Starring Tom Holland and Mark Wahlberg, “Uncharted” is a world-trotting action adventure blockbuster. In the search for ancient treasure, Holland’s character Nathan Drake partners with Wahlberg’s Sully in an action packed race towards gold from the old world. Directed by Ruben Fleischer, “Uncharted” takes its story and characters from the beloved video game series of the same name.
Holland delivers his usual performance by making the character of Drake likeable and clever. Wahlberg on the other hand plays Sully as a more experienced treasure seeker. While both actors display some chemistry in the form of both teamwork and bickering, the chemistry is nonetheless misplaced. Too often do the characters resort to childish quips that seem too on the nose to be natural or believable. Fans of the video game will find these characters to be complete strangers.
Thematically, the movie deals with trust. All characters have to wrestle with the issue of who they can trust. Often, they learn that they misplaced their trust and pay the consequences for it. Unfortunately, the movie relies too heavily on this plot point, one that is very familiar to the genre and far from original. The recurring use of this trope makes the movie feel predictable and cartoonish.
The actions set pieces are the main focus of the movie. There are few scenes that do not involve giant virtual effect heavy shots and sequences. With an already far-fetched plot, the overreliance on computer generated graphics adds to the fantastical element of the movie, which alienates audiences. What little time is devoted to puzzle solving and investigating leaves the audience wanting more. The small amount of time devoted to cracking riddles, finding clues within ancient artifacts and the emphasis on outlandish action sequences makes it seem as if the movie only cares about replicating soulless action blockbusters.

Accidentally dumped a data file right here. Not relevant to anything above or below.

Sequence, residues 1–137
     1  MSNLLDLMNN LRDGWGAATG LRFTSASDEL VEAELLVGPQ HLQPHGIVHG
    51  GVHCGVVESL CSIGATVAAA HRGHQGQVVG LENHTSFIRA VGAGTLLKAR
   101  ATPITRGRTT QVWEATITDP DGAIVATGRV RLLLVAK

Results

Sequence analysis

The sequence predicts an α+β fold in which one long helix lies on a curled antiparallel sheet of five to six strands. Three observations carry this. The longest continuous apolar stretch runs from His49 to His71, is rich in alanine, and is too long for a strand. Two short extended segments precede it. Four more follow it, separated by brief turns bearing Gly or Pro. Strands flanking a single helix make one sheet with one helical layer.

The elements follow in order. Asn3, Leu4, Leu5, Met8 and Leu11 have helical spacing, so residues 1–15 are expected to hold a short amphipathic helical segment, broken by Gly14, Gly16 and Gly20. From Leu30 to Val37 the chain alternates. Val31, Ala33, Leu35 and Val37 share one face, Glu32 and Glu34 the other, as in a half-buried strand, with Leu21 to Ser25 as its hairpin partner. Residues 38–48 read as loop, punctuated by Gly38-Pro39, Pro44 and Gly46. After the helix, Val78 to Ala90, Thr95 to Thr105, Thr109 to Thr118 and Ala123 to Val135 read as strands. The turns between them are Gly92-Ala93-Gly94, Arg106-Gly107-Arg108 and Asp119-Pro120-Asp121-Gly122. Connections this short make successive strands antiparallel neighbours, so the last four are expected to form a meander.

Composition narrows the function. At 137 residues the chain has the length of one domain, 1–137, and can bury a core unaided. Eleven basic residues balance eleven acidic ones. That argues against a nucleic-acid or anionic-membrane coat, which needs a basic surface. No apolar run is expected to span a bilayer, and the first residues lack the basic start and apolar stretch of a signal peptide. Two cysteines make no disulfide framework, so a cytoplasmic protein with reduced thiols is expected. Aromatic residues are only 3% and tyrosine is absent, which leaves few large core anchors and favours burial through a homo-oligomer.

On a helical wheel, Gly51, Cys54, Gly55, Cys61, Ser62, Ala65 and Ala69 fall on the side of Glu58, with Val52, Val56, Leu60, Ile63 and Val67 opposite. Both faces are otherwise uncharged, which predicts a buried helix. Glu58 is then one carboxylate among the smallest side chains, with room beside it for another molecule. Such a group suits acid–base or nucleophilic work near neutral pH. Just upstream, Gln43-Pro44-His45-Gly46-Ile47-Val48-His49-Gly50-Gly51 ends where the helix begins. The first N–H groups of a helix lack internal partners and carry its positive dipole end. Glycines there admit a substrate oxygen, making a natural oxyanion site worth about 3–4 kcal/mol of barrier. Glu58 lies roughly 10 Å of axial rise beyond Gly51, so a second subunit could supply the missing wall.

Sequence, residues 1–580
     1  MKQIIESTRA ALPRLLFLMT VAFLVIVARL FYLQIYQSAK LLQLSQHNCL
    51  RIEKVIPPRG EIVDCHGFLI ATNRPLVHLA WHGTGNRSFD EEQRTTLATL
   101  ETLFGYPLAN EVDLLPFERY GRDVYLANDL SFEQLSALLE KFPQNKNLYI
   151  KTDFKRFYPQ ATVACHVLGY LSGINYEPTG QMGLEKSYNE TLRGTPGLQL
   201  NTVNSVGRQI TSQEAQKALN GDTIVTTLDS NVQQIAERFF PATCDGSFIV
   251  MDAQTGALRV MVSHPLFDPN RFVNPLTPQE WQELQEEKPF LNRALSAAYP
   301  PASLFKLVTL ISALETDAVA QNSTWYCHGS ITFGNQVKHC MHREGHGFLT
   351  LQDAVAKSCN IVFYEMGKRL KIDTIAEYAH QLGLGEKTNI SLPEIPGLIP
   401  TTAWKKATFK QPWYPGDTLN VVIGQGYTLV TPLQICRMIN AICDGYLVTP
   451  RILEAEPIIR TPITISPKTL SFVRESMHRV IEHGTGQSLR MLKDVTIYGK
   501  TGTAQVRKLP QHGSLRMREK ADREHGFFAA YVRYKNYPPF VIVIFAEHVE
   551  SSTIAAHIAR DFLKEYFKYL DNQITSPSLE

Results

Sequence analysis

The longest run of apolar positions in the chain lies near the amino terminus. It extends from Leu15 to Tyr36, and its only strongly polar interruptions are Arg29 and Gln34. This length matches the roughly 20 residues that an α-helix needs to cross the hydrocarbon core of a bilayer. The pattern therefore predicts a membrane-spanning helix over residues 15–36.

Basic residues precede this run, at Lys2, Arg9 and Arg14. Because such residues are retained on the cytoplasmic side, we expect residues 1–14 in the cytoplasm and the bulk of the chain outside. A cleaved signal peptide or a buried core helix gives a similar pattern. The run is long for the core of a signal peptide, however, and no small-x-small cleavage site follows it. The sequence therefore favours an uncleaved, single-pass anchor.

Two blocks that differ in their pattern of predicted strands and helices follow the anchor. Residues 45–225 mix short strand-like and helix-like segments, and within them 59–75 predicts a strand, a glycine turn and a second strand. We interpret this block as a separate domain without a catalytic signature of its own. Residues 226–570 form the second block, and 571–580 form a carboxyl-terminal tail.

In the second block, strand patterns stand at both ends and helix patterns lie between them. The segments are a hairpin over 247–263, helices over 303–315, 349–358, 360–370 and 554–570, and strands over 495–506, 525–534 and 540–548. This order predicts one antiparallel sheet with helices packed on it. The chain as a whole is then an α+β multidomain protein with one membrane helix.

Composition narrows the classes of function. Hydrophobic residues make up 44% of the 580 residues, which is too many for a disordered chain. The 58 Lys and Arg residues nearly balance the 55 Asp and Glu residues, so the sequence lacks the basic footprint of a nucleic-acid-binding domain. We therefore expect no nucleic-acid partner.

With a recent apparent resurgence of faith in video game movies, “Uncharted” proves that Hollywood is not making good video game movies, only that they are making movies people will go the movie theater to watch. “Uncharted” lacks the soul and charisma that made fans of the video game fall in love with the material. The characters of Drake and Sully do not live up to, or anywhere close to, their video game counterparts. Both Holland and Wahlberg seem to be chosen not for their fit but for their popularity and success with test audiences.
However, not everything in the movie falls short of grace. There are moments and scenes were the movie captures the essence of the characters that fans have loved for years. At times, the movie steps away from the assembly line style of filmmaking to focus on the strengths of the story and the characters. It is no surprise that the movie attempts to set up future sequels and if they focus on the right things, they might just pull off a worthy adaptation of the “Uncharted” franchise.
“Uncharted” pales in comparison with action adventure giants such as the Indiana Jones franchise or the National Treasure films. While it might be unfair to compare them, “Uncharted” could learn a lot from them. On one hand, a greater focus on puzzle solving and clue finding would elevate the movie beyond a simple Hollywood action movie. On the other hand, leaning away from unrealistic computer generated scenes and leaning into more clever ways to tell a story through action sequences would give the movie more character and personality.
In the end, “Uncharted” is a fun action movie without too much getting in the way of the main actors and its million-dollar shots. While it never achieves any highs, the video game adaptation is strong enough to hold its own.